June 15, 2014
June 15, 2014
June 18, 2014
Liberal Education/Engineering & Society
24.141.1 - 24.141.24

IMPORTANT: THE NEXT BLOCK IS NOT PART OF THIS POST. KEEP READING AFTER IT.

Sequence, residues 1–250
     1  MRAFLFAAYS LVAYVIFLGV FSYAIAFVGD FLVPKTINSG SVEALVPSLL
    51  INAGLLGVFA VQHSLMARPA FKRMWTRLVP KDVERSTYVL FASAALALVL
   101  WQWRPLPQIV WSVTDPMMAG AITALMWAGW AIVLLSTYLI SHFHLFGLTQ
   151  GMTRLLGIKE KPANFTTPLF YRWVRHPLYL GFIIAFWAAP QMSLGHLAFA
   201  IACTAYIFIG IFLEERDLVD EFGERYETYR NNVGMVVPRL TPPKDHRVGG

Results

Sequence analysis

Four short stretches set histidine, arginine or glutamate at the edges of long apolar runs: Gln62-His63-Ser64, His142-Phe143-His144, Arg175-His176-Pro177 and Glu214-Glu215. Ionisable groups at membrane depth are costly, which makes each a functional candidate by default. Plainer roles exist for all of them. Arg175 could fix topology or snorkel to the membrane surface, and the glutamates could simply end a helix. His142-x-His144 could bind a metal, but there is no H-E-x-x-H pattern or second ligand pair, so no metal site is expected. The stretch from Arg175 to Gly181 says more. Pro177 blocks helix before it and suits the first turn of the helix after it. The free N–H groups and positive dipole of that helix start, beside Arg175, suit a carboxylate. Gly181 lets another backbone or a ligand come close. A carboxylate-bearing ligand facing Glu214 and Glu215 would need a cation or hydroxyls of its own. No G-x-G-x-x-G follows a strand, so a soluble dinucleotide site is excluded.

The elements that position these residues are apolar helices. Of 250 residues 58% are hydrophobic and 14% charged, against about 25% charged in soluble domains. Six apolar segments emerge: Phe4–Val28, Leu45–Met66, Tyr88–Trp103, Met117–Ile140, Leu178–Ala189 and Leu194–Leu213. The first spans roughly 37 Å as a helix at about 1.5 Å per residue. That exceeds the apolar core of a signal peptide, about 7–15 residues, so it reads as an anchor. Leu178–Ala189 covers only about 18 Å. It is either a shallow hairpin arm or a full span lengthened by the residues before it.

Adventures in paragraph writing: the development and refinement of scalable and effective writing exercises for large enrollment engineering coursesThe ability to communicate effectively is a highly desirable attribute for today’s graduatingengineers. Additionally, the inclusion of communication components in technical courses hasbeen shown to enhance learning of technical content and can be leveraged to satisfy non-technical learning outcomes. However, the incorporation of such components in undergraduateengineering curricula remains challenging due to resource limitations, credit hour crunches, andother issues. This paper presents the design considerations and preliminary results from ourongoing work to create an effective, transferrable, low-overhead approach to paragraph writingexercises suitable for inclusion in any large engineering course. Key considerations in thedevelopment of these exercises include: identification of the motivations and learning outcomesfor each exercise; development and tailoring of writing prompts (questions) appropriate for theseoutcomes; and the development and implementation of an assessment and feedback strategy,including resource-efficient grading rubrics and techniques.Results are reported from the application of the paragraph writing exercise in a large civilengineering undergraduate fluid mechanics course (120 students; approximately 15assignments). A primary focus of this first application centered on two key components thatmust be refined in order for the exercise to be effective and transferrable: (1) the selection ofwriting prompts, and (2) assessment and feedback. Analysis of student paragraphs highlights theimportance of the writing prompts in the success of the exercise, indicating that specific wordchoice, question focus, and supplemental instruction greatly affected the level of writing studentssubmitted. Some writing prompts were selected to address and enhance technical content in thecourse, while other writing prompts were developed to broaden student awareness of engineeringin societal, environmental, and global contexts. In addition to developing productive writingprompts, the assessment and feedback strategies were evaluated using student surveys andfeedback. While minimal marking and holistic rubric assessment methods proved effective froma grading resource standpoint, students were frustrated by the lack of feedback associated withthese techniques and uncomfortable with the holistic grading rubric. Data from student surveyspoint to the importance of giving meaningful feedback to students, and providing them withopportunities to revise their written submissions. Student surveys also highlighted an unforeseenobstacle to the exercise: student resistance to writing in technical courses. We provide severalsuggestions for overcoming student resistance, as well as improved assessment and feedbackstrategies that better meet student needs while still not over-burdening instructors and teachingassistants.
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